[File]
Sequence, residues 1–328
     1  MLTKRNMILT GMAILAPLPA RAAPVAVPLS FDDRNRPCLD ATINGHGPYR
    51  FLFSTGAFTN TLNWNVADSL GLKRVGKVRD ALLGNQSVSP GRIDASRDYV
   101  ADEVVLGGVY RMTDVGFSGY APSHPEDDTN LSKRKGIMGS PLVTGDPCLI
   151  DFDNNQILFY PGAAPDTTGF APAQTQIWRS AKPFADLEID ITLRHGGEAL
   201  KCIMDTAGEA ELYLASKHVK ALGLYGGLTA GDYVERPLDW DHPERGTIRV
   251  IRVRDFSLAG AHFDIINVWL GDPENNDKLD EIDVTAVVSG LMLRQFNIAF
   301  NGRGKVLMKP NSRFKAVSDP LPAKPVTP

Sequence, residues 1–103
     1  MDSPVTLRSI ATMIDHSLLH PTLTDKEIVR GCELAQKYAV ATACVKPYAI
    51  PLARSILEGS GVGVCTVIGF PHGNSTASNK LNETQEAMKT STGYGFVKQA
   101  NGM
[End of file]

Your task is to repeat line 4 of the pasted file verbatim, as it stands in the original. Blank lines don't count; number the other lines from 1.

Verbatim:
   101  ADEVVLGGVY RMTDVGFSGY APSHPEDDTN LSKRKGIMGS PLVTGDPCLI